So how does 'down to' and 'up to' a town work in English? Is it altitude based, latitude bases, or just personal preference?
So would someone from Glasgow go up to Inverness, but someone from Stornoway go down to Inverness? Or does it depend on which place is situated higher above sea level.
English is my first language. I live in Colorado Springs, Colorado in the US at elevation 6500'. Denver is north of me but only at 5280'. So some say I'm going up to Denver (north); others say I'm going down to Denver (elevation). My preference is up to Denver, but it can correct be either way in (American) English. However, if you are up high in the mountains and going down to a city on the plains, you would always use down since the elevation is so different, in my opinion. Good question!
Not entirely sure if it works the same in Sc. Gaelic, but in Irish suas can mean just movement from a smaller/less prestigious to a bigger/more prestigious place (eg. from a village to a town, from the outskirts to the center, etc.), and also just henceforth, forwards.
Faclair Dwelly also gives:
sìos is suas, eastward and westward (on the E. coast);
Thanks for the explanation, but I was actually interested in how it worked in English (as it is not my first language). I had translated the sentence as "I'm going down to Inverness" and it was marked incorrectly. Now although this was a silly translation mistake on my part, it did made me wonder (in general) whether there was a reason why you would say 'up to' or 'down to' in English when referring to place names.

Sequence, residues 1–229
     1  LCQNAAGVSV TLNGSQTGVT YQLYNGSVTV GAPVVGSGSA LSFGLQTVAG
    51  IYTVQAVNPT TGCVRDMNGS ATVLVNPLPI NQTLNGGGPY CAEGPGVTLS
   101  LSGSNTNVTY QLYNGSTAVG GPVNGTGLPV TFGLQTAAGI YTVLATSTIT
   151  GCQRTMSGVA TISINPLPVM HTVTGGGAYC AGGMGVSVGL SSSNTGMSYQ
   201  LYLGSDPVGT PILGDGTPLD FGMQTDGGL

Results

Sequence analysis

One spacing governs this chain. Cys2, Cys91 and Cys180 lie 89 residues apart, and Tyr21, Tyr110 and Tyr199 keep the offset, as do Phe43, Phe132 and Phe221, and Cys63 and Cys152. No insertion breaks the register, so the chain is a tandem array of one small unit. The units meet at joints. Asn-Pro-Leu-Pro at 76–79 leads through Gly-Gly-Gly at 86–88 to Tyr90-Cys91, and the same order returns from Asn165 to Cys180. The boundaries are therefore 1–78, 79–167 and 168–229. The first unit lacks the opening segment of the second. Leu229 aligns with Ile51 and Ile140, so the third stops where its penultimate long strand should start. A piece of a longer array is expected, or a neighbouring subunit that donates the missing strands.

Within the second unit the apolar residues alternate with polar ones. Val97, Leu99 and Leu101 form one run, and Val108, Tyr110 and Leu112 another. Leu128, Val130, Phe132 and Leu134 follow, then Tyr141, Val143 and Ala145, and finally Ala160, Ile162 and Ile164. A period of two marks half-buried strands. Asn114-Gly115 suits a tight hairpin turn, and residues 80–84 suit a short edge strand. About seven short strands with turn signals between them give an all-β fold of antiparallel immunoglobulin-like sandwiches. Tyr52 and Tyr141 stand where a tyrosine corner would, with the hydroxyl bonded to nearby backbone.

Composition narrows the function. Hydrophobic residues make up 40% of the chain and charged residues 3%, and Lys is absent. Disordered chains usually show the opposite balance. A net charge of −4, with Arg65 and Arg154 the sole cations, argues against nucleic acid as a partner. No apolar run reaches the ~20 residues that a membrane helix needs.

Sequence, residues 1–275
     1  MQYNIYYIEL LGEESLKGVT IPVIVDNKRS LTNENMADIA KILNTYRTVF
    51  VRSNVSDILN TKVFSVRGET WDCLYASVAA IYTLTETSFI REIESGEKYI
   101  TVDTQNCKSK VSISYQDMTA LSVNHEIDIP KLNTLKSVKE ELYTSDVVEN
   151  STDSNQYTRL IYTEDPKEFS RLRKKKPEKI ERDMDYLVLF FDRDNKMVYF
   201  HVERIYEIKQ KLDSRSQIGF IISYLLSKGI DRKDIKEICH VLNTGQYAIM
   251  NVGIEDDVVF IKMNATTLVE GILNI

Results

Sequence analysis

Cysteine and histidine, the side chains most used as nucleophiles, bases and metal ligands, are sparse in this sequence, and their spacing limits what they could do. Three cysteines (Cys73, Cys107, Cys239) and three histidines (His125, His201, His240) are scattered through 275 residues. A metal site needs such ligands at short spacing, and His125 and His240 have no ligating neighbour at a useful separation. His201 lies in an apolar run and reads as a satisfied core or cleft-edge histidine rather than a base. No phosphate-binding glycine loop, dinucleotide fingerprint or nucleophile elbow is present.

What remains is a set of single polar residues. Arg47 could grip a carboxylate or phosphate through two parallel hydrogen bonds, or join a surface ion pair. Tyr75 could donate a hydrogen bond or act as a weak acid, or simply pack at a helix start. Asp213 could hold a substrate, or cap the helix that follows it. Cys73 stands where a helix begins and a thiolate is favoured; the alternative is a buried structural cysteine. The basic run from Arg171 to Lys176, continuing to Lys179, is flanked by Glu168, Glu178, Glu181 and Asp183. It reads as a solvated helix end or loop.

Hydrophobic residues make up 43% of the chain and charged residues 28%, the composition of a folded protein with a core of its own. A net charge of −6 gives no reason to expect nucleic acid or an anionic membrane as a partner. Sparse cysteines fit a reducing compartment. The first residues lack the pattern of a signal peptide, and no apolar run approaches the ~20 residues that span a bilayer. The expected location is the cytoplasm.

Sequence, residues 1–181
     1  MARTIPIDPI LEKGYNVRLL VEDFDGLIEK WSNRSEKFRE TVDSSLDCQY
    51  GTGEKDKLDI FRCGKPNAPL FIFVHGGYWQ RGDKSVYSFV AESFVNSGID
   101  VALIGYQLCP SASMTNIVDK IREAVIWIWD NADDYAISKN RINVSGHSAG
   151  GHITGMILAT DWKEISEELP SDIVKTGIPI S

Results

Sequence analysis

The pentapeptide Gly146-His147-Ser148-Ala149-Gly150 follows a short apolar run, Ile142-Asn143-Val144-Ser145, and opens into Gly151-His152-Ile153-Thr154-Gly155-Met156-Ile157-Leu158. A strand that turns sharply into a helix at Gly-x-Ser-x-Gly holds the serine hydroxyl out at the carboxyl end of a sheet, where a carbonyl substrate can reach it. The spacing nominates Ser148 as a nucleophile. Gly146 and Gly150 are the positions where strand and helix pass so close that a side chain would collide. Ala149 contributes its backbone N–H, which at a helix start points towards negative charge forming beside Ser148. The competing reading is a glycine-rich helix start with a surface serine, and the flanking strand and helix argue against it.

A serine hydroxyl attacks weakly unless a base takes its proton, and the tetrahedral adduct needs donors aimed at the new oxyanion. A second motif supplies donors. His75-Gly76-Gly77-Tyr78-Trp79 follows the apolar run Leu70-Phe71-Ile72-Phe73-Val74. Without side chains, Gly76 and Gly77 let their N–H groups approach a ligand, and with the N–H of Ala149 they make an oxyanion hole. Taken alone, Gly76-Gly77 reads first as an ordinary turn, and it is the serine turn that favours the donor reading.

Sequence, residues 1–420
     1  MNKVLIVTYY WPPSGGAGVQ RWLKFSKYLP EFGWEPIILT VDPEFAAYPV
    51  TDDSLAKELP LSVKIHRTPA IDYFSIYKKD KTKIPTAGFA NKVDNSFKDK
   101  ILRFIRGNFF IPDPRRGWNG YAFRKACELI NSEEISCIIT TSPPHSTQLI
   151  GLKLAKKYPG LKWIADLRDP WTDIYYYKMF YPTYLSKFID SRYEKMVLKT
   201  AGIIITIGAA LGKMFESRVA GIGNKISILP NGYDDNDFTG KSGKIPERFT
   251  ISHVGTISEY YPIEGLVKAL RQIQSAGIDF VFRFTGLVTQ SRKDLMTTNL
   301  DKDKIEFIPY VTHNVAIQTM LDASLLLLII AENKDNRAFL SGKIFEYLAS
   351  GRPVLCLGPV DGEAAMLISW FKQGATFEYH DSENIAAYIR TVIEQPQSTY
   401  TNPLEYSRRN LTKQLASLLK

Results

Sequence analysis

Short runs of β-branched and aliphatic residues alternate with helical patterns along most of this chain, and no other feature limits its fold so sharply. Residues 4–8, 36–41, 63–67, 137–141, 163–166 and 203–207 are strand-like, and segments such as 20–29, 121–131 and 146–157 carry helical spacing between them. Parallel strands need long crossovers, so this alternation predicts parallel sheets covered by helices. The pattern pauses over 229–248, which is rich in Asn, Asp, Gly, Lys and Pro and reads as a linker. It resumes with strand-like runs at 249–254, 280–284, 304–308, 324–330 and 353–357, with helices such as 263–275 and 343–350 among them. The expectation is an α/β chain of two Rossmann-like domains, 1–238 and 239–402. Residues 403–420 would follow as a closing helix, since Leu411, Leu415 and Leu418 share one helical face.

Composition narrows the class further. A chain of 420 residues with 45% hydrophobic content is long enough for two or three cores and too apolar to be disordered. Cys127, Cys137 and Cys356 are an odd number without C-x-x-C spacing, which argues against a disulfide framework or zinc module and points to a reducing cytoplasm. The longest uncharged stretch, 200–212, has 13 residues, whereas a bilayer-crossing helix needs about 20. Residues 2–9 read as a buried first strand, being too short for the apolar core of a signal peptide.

Oh, sorry. English is not my native language either, but recently I’ve seen a Facebook discussion about it, and it seems to me that it really depends on person. Some Americans argued there that for them it’s ‘up to’ only when going north (and the other directions also correlate with the orientation of the directions on the map), others that it depended on the prestige/size of the place (so ‘up to the big city’), others yet that it depended on the place (and that they always say eg. ‘down to town’), and others that for them it’s only about the elevation… So I think it really depends on the speaker and region maybe.
But then there are terms like uptown (residential area away from the center) and downtown (the business center), so…
I have a different question. It sounds like she is pronouncing Inhir Nis as Inver not Inyer. I appreciate that there are regional variations and it's good to hear them, but it would be really great to have this signalled with the different speakers. As a Scot I don't want to be in Gaelic Scotland sounding like I'm from Nova Scotia.